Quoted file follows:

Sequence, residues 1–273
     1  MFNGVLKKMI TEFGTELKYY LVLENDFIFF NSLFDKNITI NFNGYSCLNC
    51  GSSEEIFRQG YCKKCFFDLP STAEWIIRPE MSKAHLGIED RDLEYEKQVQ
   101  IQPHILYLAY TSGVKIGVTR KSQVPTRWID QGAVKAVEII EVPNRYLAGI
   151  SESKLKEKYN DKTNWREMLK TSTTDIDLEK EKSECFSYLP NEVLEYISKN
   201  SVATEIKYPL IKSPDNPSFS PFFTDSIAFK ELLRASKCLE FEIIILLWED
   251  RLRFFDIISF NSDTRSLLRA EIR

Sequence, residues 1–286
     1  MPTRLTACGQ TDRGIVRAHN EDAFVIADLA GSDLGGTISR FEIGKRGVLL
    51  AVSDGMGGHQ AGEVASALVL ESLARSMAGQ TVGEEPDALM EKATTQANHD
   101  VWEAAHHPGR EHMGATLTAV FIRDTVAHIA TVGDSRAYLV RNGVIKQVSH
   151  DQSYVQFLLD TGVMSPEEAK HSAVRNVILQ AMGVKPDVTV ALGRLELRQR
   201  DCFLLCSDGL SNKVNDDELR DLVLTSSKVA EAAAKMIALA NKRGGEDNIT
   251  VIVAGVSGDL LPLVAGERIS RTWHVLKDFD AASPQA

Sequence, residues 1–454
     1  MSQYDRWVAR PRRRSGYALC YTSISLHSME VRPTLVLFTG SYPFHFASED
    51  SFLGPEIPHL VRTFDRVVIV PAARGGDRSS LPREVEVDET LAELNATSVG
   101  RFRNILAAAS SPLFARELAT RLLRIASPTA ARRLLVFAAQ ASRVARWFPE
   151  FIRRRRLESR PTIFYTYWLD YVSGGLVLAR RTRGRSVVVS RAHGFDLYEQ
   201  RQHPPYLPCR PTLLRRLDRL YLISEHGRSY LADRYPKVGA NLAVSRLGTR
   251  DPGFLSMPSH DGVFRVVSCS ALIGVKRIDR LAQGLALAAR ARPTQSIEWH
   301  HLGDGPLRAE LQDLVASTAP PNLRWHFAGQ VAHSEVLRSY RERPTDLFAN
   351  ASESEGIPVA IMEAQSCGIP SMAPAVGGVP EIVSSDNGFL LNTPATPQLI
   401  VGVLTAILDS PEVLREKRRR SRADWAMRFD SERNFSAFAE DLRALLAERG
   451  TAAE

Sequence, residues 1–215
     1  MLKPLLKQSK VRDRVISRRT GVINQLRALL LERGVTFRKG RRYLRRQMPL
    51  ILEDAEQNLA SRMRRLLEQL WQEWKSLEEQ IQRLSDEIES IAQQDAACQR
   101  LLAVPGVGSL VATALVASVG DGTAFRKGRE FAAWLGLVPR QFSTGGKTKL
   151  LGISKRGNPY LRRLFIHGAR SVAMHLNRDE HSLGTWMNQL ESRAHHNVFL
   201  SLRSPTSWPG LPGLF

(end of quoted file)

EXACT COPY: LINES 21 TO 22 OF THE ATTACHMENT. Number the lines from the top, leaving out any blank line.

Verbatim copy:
   251  DPGFLSMPSH DGVFRVVSCS ALIGVKRIDR LAQGLALAAR ARPTQSIEWH
   301  HLGDGPLRAE LQDLVASTAP PNLRWHFAGQ VAHSEVLRSY RERPTDLFAN